[arin-ppml] *Spam?* Re: Discussion Petition of ARIN-prop-125 Efficient Utilization of IPv4 Requires Dual-Stack
bret at getjive.com
Thu Dec 30 11:59:22 EST 2010
I think prop-125 is well intentioned, however after reading the prop, I feel that it will put companies like mine between a rock and hard place. We are working towards IPv6, however the re-tooling cost is extraordinary. Also many end devices for our SIP based phones, do not support IPv6 yet.
Would prop-125 be of any help to our company? It sure would damage us financially, and be of almost no benefit since most SIP end-point devices, phones, intercoms, PAPs etc... are not yet IPv6 enabled. If you can force those companies to change and somehow come up with the 100s of thousands of dollars needed to upgrade our core routers, switches and pay our engineers to retool the software, we could jump on it now. However our current plan is to roll it out over the next few years. When there is actual support in the devices that we service.
I personally believe that the adoption rate of IPv6 will pickup as soon as it becomes essential. Why force the market that way when it will naturally head that way? I'd rather people implement it correctly, and do the proper testing needed rather than being forced to change by an organization. The reality is 80% of US business are small and don't have the funds or education to be forced to change. Let the market work. It, by itself, will force them to change.
On Dec 30, 2010, at 9:29 AM, Chris Grundemann wrote:
> On Thu, Dec 30, 2010 at 08:52, Kevin Kargel <kkargel at polartel.com> wrote:
>> Umm, If you say that the only way I can have any IPv4 is if I have working IPv6 seems to be an attempt to force me to adopt IPv6.
> Well, prop-125 states that if an org wants any *more/new* IPv4
> addresses, they need to show that they are actively deploying
> production IPv6. The requirement is to use new IPv4 addresses in the
> most efficient way (the policy does not force anyone to request new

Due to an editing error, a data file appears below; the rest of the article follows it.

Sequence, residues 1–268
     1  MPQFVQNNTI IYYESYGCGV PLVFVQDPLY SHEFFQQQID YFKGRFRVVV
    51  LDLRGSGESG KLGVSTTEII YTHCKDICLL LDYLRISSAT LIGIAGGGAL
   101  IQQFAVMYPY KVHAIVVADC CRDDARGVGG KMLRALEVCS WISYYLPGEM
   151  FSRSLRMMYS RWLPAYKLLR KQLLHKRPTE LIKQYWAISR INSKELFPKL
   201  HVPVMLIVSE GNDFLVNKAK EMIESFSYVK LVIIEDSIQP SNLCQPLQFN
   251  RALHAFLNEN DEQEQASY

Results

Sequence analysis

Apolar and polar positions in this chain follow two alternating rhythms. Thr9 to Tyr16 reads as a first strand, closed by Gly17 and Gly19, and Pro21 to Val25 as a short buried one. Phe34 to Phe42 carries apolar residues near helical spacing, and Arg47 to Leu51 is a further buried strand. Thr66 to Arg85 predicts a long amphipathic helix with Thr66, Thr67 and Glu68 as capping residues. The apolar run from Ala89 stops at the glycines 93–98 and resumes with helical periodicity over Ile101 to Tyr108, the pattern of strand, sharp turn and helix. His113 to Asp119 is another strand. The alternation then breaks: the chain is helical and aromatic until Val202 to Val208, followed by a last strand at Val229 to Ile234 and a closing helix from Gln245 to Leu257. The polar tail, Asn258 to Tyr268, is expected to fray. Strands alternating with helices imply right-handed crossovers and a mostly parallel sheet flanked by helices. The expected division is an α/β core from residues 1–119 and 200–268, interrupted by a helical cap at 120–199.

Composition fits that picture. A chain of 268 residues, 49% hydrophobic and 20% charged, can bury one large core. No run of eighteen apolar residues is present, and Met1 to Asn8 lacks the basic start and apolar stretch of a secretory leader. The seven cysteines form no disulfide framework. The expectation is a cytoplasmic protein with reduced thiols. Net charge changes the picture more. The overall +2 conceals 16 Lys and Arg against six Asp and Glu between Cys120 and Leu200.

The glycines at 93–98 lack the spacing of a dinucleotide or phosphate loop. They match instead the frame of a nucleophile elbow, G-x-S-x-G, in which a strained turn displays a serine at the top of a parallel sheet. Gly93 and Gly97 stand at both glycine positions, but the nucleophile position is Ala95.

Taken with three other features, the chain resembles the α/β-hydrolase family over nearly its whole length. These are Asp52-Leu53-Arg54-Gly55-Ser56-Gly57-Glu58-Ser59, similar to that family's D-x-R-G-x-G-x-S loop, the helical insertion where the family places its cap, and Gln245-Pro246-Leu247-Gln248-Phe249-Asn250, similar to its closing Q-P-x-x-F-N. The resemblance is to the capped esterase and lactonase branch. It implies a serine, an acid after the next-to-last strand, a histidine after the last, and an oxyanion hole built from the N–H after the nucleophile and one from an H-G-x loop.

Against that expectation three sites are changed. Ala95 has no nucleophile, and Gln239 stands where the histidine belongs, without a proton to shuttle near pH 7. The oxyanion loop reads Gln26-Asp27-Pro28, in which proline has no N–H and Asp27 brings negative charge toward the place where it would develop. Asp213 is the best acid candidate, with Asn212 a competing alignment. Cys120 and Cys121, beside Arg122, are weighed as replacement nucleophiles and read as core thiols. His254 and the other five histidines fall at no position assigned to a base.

> IPv4, only to use it in the communities best interest if they do).
>> What are you going to do about the multitude of networks that have no access to native IPv6?
> What am I going to do personally? Well, for one, I work for a backbone
> provider that offers IPv6 throughout the US. For another, I am working
> to connect folks who need to deploy IPv6 with those who can help:
> http://www.theipv6experts.net. I am also supporting prop-125 which has
> the potential to encourage more access to native IPv6.
>> Yes there are areas in the country where no backbone provider offers IPv6. Tunneling is not a good solution for production services.
> Precisely why we need a policy such as this.
> As I tried to state in my lengthier message: The transition will not
> be without pain. The primary reason for this pain is that folks did
> not deploy IPv6 in time (which includes demanding that their
> upstreams, their vendors and maybe even their neighbors, support
> IPv6). No one who needs more IPv4 is going to get all that they need
> at this point. The question that remains is who should we reward with
> the crumbs: Those who did not act, who still have not acted _or_ the
> folks who listened and who did deploy (or at least are now deploying)
> IPv6? In both scenarios organizations will be hurt, perhaps even
> destroyed but that does not make the two choices equal. Leave the
> trees for a moment and do the right thing for the forest.
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